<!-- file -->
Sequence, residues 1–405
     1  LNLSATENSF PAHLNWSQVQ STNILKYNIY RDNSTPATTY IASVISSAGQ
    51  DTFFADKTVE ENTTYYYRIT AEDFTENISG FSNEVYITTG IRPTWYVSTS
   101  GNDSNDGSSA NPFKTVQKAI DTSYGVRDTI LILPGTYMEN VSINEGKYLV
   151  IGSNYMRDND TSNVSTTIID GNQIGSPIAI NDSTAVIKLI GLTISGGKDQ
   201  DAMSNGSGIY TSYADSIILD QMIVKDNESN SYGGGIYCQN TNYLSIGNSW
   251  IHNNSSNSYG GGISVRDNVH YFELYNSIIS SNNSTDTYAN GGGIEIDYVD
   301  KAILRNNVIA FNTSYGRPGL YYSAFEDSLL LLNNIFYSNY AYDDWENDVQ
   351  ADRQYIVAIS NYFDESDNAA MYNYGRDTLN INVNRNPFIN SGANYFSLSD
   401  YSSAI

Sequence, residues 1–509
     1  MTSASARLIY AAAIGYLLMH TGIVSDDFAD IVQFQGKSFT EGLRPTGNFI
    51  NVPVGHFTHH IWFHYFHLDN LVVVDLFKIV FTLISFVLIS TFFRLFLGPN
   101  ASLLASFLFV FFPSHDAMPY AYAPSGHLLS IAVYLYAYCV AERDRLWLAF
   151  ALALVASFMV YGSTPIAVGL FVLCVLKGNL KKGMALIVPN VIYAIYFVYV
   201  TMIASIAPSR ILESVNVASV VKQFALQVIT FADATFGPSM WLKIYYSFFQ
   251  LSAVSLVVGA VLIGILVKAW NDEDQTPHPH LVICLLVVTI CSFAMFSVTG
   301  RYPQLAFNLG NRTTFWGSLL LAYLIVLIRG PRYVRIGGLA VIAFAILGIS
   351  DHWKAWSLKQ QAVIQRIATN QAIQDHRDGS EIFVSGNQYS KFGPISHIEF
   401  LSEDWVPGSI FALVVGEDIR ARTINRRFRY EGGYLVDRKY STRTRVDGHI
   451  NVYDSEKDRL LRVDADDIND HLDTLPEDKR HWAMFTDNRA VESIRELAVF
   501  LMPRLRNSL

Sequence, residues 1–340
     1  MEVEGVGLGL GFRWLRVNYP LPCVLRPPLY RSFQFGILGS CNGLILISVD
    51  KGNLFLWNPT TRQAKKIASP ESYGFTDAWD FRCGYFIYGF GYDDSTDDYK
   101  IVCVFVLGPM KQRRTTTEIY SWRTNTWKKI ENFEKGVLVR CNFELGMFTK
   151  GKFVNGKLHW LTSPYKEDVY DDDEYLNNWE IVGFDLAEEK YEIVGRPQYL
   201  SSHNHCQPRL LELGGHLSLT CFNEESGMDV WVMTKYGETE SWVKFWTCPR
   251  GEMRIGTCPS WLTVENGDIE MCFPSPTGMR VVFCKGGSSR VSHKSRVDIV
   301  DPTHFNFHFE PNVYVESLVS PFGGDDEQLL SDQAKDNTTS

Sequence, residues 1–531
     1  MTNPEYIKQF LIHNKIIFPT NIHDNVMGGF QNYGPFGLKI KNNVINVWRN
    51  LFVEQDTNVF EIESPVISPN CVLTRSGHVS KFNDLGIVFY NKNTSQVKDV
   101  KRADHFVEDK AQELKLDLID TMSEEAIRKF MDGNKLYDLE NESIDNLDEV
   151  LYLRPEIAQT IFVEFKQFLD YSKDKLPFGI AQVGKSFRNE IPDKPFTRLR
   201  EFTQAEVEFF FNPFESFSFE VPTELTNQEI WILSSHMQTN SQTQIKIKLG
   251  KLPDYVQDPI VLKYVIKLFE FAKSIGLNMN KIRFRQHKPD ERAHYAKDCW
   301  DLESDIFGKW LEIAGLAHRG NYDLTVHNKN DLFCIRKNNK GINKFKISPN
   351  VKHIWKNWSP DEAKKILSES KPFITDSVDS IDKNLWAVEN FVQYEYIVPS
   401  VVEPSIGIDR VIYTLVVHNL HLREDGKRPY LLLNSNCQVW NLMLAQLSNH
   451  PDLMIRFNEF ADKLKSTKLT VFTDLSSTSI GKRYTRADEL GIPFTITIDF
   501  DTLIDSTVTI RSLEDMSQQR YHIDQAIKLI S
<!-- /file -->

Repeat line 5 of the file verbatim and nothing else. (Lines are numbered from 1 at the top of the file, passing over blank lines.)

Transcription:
   151  IGSNYMRDND TSNVSTTIID GNQIGSPIAI NDSTAVIKLI GLTISGGKDQ